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resentatives of our twenty-one republics met
two years ago at Buenos Aires in an InterAmerican Conference for the Maintenance of Peace.
Building on the foundations laid down at Montevideo, the Buenos Aires Conference carried far forward the work of strengthening and perfecting the structure of peace in the Western Hemisphere. By the signing at that Conference of several far-reaching conventions, treaties, and protocols and by the adoption of a Declaration of Principles of Inter-American Solidarity and Cooperation, powerful instruments of peace were forged at Buenos Aires. A system was thus created under which the American nations undertook to maintain peace among themselves and pledged themselves to consult with each other in the event that the peace of any one of them might be threatened, whether on the American Continent or from outside.
The creation of this American system was the outstanding accomplishment of the Buenos
Aires Conference. In addition, our nations reaffirmed their determination, already clearly and vigorously expressed at Montevideo, to work in the direction of improved economic relations and of closer cultural relationships as necessary foundations of order under law. Under this system and as a result of this determination, peace and friendly cooperation prevail today in the Western Hemisphere.
The treaty of peace between the Republics of Bolivia and Paraguay, concluded last July, is one of the most significant and encouraging developments in inter-American relations during recent years. By this peace the two countries gave an undeniable example to the faithless and the reckless who think that questions can be settled only by force or frightfulness.
Finally, may I add that it should be a matter of profound gratification to all of us that our nations can point to an impressive record of accomplishment during the past five years. To be sure, stock-taking alone, even as satisfying as this, is not sufficient. We are faced today with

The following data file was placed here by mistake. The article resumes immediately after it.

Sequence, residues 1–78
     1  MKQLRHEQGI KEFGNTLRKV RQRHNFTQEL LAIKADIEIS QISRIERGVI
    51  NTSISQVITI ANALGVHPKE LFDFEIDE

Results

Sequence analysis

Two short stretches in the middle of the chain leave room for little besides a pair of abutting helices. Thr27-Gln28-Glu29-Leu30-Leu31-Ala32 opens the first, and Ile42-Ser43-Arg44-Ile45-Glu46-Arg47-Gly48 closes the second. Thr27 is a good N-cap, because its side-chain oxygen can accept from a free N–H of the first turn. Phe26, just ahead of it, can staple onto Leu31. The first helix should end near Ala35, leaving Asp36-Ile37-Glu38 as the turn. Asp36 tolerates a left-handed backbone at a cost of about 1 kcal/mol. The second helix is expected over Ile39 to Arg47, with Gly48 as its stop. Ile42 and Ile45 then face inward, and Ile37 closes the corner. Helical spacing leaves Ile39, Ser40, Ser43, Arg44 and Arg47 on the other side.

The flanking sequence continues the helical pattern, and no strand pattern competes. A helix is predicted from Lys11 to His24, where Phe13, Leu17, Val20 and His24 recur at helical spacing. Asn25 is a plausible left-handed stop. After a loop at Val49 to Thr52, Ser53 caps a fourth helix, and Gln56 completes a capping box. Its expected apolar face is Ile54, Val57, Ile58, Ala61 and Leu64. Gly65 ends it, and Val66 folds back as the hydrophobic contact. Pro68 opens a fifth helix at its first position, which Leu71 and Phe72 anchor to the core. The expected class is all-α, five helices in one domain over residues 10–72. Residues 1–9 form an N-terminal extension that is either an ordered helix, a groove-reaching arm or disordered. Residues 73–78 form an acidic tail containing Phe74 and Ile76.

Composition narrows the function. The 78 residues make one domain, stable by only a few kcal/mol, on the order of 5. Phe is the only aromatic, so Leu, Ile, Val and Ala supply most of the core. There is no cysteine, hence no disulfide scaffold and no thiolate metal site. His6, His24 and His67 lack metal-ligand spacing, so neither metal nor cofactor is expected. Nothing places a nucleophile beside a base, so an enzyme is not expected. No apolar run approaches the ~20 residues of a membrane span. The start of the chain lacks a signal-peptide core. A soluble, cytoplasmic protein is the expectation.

world problems and world conditions which are even more difficult and fraught with more danger for all of us than those with which we were confronted at Montevideo and at Buenos Aires. Our present Conference has before it tasks of utmost gravity and responsibility. But a clear visualization of what we have already accomplished and a realization, therefore, of what we are capable of accomplishing should aid us enormously in applying ourselves to the tasks which are before us.
There is no mystery about the reasons why developments in the Western Hemisphere during recent years have been so markedly different from those which have occurred in many other parts of the world. In large measure, the explanation lies in the fact that the American nations have in common certain important and fundamental characteristics.
Each of our nations arose out of a revolution which had for its objective national independence and the assertion of human rights and of
popular government. The men and women of the particular generation in each of our countries which achieved for its people independent nationhood staked their all on a passionate conviction that forms of government can be created under which human rights will be secure. They gladly fought for the vindication of their conviction. They bequeathed to us of today not only the forms of such government but also the spirit on the basis of which alone institutions of this character can endure.
Throughout its national existence each of our nations has sought to perfect within its frontiers a system of representative government and of liberty for the individual. In this supreme endeavor some of us have encountered greater internal difficulties than have others. Some of us have remained free from interference of outside forces; some have had to combat such forces. But in each and every one of our nations there has been no flagging in the determination of the people to preserve national independence and freedom for the individual.
Our nations have drawn into their populations men of many races, creeds, and languages. This fact has not operated as an element of weakness. The occasion for the adjustment of race to race and of creed to creed has been in large measure instrumental in teaching us how to develop adjustment of individual to individual and of group to group without which civilized society and democratic forms of social and political organization cannot function satisfactorily.
A spirit of tolerance, mutual respect, and understanding is as important in the relations of our nations with each other as in our internal relations. Happily, this spirit has been present, although it has not always developed uninterruptedly along an upward trend. Like all things human, it has had its fluctuations. Disagreements and controversies have arisen among us. But they have remarkably seldom been settled by the arbitrament of violent conflict, in the form of either military or other types of coercion.